Her smile faltered ever so slightly at that, though in her heart she felt that was true.

“Still, it’s been so long,” she said.

“Not even four months,” he replied, as though that wasn’t a long time.

“Four months since you became ransar,” she said, “but I’ve been at Firesteap for longer than that.”

“Of course,” he said, patting her hand, “and for that I am sorry, and I promise that I will spend what remains of my life making it up to you.”

“I suppose I should thank you for starting that process by not making me live in the Palace of Many Spires?”

They reached the top of the stairs and he stopped her before they went inside. He held her by the shoulders and looked in her eyes. Her heart warmed in her chest at the way he looked at her.

“I would have thought you’d be angry with me about that,” he said.

She put a hand to his fiery cheek and said, “Not at all. I’ve come to feel that Pristal Towers is my home, and that wasn’t easy for me. The palace would have felt too… temporary.”

“It wouldn’t have been,” he assured her. “It won’t be.”

She smiled, though she didn’t believe that for a second.

I don’t believe it, either, said the old woman.
wonder who the Red Wizard will choose next?p>

He’s different, Phyrea replied in her head. Don’t underestimate him.

She felt rather than heard the ghosts laugh, but ignored the feeling.

As they passed into the foyer and a butler handed them each a tallglass of her late father’s wine, she said, “The city doesn’t seem at all changed. It’s as though nothing ever happened.”

“And it wasn’t easy, these last months, making that so,” he said after he took a sip of the wine. She thought she heard the cool liquid hiss against his lips. “I’ve been busy not only restoring the damage done to buildings and streets, but to the hearts and minds of the senate and citizens alike. I think they’re already starting to realize that I will be more … let’s say, stable, than some of the previous ransars.”

It’s not the men themselves, but the position that’s unstable, said the man with the scar on his face, and Phyrea had to agree.

“So you will be the great reformer?” she asked.

He laughed as they strolled to a parlor and said, “Eventually, I hope to be, but for the nonce I’ve been busy putting things back to the way they were before the unfortunate siege.”

A siege he instigated, the old woman reminded her.

“Even the canal has been making startling progress,” he went on, and Phyrea’s flesh crawled at the sound of that word: canal. “It’s a wonder, considering it’s still in the hands of that barely-functional idiot Salatis put in charge of it.”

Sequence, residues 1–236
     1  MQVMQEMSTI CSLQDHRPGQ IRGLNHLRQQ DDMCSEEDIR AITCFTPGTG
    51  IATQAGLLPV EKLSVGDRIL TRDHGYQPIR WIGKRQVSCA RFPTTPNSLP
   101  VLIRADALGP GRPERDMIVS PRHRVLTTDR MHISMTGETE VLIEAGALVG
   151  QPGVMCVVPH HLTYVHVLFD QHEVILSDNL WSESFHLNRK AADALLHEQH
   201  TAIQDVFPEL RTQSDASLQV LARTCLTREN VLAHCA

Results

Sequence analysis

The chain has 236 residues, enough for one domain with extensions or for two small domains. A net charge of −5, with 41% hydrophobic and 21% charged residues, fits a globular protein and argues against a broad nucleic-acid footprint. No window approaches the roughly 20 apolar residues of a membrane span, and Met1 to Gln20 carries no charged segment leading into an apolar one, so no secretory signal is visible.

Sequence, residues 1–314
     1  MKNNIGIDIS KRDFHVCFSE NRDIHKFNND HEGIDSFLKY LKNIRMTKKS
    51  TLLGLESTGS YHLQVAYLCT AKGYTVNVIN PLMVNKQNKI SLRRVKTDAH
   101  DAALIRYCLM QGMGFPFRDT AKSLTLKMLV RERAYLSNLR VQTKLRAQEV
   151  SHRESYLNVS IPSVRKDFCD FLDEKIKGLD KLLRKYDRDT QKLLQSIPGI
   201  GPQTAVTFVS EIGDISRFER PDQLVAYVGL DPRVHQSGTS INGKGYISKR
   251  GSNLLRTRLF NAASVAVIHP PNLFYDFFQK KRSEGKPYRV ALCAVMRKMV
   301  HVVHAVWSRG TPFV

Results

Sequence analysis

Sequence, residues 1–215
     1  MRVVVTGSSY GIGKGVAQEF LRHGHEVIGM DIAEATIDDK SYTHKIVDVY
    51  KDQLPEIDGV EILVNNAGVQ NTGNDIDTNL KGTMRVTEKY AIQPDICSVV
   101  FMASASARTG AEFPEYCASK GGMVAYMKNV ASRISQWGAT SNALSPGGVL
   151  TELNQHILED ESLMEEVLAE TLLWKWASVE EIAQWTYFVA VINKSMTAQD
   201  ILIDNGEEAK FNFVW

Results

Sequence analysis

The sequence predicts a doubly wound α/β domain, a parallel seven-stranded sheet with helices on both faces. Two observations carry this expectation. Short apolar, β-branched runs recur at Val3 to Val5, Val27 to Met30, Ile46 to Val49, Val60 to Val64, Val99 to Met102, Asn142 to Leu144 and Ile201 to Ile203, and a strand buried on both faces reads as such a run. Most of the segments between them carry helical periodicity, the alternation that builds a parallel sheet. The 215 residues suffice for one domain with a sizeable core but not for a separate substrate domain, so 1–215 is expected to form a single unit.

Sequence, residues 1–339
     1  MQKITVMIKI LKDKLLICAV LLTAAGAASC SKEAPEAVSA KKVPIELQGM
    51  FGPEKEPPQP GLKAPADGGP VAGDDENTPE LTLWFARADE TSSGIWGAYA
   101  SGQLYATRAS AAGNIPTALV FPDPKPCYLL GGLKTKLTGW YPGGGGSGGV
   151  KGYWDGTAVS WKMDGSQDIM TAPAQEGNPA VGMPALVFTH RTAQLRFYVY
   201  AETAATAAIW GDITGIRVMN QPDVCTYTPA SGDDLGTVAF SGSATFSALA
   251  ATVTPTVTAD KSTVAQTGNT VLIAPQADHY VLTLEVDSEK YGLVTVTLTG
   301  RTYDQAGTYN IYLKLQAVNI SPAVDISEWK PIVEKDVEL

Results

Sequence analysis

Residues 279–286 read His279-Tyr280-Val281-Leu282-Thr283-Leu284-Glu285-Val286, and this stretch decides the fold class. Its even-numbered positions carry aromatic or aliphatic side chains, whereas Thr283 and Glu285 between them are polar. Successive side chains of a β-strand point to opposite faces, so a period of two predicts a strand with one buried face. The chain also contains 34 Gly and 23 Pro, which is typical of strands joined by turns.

“Horemkensi?” she asked.

“I hear the workers call him Little Lord H, and have begun to ignore his orders,” Pristoleph replied. “Even the zombie workers the Thayan sold them are starting to disappear. What does it say about a man, I have to wonder, if a zombie, magically compelled to do so by a Red Wizard’s powerful necromancy, won’t even take him seriously?”

Phyrea shook her head and sank into a plush, silk-upholstered sofa. Pristoleph sat next to her, so close she could feel his heat, and he waved the butler away. The servant stepped backward through the double doors, pulling them closed in front of him.

“It has been a long time,” he said, setting his tallglass on the little table next to him. He took her glass from her and set it next to his, and looked at her with undisguised lust—fire, even, in his eyes.

Though the word “canal” conjured an image of a man she still knew she loved in a way she could never love her husband, she had missed Pristoleph more than she thought she would, and the heat of him, the smell of him, his commanding presence surrounded by his seemingly limitless wealth, managed to push Ivar Devorast’s face from her thoughts.

“And how may I serve the ransar?” she whispered.

Pristoleph kissed her, burning her mouth with his tongue. As hot as it was, she pressed in harder still.

He pulled only a hair’s breadth away from her and said, “This ransar will serve you.”


30Eleint, the Year of the Unstrung Harp (1371 DR) The Canal Site

It’s true then,” the Cormyrean said, and T’juyu, who listened, invisible and unmoving, from behind the canvas rear wall of the tent, sensed more relief than surprise in his voice.

“Warden Truesilver,” a man’s voice replied—it was the alchemist. T’juyu didn’t know his name. “To what do we owe this-?”

“My king is dead,” Truesilver interrupted. A silence followed and T’juyu had no idea how to interpret it. “Our king has fallen on the field of battle.”

The alchemist cleared his throat and said, “I’m… shocked to hear that, Warden. I’m sorry.”

“Devorast?” Truesilver asked.

“He was a good man,” Ivar Devorast said. “He was a fair and forthright king.”